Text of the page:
Exploring opportunities and challenges in enabling neuro-evolutionary algorithms in hardware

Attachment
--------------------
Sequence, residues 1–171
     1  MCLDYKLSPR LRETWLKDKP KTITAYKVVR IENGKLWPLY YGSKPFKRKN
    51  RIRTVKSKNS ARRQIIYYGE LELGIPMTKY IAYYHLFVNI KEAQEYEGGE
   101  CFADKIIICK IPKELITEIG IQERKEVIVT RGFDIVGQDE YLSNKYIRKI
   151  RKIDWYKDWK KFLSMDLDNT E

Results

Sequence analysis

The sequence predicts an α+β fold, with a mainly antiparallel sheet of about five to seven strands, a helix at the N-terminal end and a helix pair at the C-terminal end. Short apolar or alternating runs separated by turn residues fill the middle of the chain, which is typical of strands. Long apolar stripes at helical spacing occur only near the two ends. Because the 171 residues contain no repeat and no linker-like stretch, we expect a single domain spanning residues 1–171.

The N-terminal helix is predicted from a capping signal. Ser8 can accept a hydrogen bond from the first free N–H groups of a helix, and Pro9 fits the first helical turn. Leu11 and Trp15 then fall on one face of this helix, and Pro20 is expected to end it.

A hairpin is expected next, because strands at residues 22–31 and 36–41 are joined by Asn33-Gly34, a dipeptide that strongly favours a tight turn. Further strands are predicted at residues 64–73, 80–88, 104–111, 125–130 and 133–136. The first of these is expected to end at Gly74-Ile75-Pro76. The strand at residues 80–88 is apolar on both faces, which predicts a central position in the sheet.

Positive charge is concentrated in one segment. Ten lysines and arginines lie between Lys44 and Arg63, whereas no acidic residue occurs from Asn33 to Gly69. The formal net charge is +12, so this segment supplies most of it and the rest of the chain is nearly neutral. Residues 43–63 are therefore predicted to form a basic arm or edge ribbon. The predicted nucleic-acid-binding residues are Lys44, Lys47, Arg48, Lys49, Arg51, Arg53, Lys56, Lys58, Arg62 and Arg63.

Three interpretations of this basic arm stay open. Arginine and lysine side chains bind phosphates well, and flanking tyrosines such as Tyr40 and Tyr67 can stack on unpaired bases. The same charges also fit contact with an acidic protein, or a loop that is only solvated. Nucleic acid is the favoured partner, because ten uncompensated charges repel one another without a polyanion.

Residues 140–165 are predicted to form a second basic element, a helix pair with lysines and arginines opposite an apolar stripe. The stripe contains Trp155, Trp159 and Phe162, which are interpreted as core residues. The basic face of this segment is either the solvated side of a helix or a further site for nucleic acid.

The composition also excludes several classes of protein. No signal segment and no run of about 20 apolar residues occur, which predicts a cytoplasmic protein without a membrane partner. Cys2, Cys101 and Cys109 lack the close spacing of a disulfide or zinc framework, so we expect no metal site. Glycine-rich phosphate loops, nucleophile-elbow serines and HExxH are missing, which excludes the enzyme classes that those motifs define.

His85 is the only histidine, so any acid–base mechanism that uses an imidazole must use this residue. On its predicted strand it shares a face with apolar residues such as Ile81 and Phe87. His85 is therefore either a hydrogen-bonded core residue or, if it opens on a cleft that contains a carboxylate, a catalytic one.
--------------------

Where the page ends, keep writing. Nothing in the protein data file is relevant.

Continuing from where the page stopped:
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Recent advancements in the machine learning algorithms, especially the development of Deep Neural Networks (DNNs) have transformed the landscape of Artificial Intelligence (AI). With every passing day, deep learning based methods are applied to solve new problems with exceptional results. However true impact of AI could only be fully realized if it interacts with the real world and solves everyday problems. The everyday problem however, is new everyday and subject to increasingly changing requirements. The Deep Learning (DL) landscape today is incapable of solving these dynamic problems as the performance of DL today is heavily tied to the topology which is often task specific and hand-tuned by experts. Not only is rigidity of the solution the problem but also the high memory and compute requirements of DNNs to perform training on terabytes of data acts a huge barrier in bringing true intelligence to the edge which is the true portal to the 'real world'. NeuroEvolution (NE) are a class of algorithms that can circumvent this problem by 'learning on the fly'. These algorithms continuously interact with the environment and update their models based on how fruitful their last interaction proved. This way the solution is not tied to a topology and these algorithms do not need to perform memory and compute intensive backpropagation operations (BP) making them ideal for solving dynamic problems in a robust manner on the edge. However, the barrier to deployment of NE today is the lack of its widespread adoption and understanding of its compute behavior. This thesis attempts to lift that barrier by characterizing the compute and communication behavior a NE algorithm NEAT (NeuroEvolution of Augmenting Topologies) and is an attempt to propel further research in this direction. This Thesis also attempts to bring intelligence to the edge using a distributed system solution. This thesis demonstrates CLAN, Collaborative Learning using Asynchronous Neuro-evolution. It proposes techniques for enabling adaptive intelligence on the edge using NE algorithms collaboratively on Raspberry Pis and demonstrate that CLAN can match performance of higher end computing devices with better energy efficiency at scale. Further, this thesis also propose algorithmic modifications to improve the scalability. The study performed in this work aims to drive key insights to both computer architects and distributed system engineers to enable effort in deploying NE on the modern day compute platform.